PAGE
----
WENDY: You are masterful at playing with image. Your humor and tongue in cheek “eye candy” may at first lead us on a lighthearted fantasy tour, but a second look prompts questions as provocative as those of the 1980’s rebellious punk designers with their use of safety pins and spike hardware. It seems you are rebelling, too.
CHARLOTTE: Yes. I slyly wink at a culture that often compares women, particularly well-dressed women, to decorations, consumables, or “eye candy.”
WENDY: Do you think many people feel dressing like an advertisement, such as a Ralph Lauren ad, can compensate for natural disadvantages?
CHARLOTTE: Paying huge amounts to say you’re wearing the design of someone else is something I don’t understand. Is it the hook to fit in? I’m making the point that in dressing you don’t have to conform. Use your own creativity to define yourself.
WENDY: Your M&M Matador sculpture outfit took six years to complete. It is a masterpiece of detailed stitching with hundreds of sequins and metal work embellishments. Was this sculpture a turning point for you?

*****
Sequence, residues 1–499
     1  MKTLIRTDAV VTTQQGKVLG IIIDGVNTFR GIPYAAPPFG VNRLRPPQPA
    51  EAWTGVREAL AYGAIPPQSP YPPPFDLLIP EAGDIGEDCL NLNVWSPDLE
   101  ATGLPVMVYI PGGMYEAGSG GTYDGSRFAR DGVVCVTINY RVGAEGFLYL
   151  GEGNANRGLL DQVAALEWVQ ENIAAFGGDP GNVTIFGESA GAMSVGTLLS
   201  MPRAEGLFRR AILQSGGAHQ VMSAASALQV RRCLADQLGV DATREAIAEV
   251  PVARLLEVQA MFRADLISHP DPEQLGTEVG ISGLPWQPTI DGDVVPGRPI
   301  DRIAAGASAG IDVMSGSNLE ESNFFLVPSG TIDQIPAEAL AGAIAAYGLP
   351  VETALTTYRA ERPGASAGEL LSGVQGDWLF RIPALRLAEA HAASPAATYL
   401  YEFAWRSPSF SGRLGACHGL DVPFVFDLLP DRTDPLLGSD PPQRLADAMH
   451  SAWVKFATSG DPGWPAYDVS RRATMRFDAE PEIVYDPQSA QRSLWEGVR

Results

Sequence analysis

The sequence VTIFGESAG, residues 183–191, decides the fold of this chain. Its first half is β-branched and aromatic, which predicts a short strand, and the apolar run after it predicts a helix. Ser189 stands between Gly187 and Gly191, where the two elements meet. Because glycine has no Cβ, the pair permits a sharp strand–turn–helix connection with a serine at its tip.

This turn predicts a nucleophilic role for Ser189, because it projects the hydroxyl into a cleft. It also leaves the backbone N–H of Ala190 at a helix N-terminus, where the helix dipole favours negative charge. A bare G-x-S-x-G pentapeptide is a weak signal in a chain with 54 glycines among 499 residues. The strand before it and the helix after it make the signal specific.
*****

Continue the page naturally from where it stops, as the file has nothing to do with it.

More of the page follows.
CHARLOTTE: Yes, I felt my work needed to have a deliberate statement. I began to think about what costume means, and that what we choose to wear means something.
It’s about our affiliations with our own style, how we package ourselves for society and present ourselves. I asked myself what is the bravest and most decorated suit one can wear? It was the Matador.
WENDY: Tell me about the Flamenco Dancer with its layers of M&M ruffles
. You refer to it as the “duality of self,” meaning we are part feminine and masculine.
CHARLOTTE: We naturally contradict ourselves. So with the Matador, I then had to make the Flamenco Dress. This is the opposite side of the question or contradiction. The extra long ruffle represents the connection between them.
WENDY: You were asked to make a piece for Roseanne Barr. It is magnificent and reminds me of Dior couture. You even embellished the cape with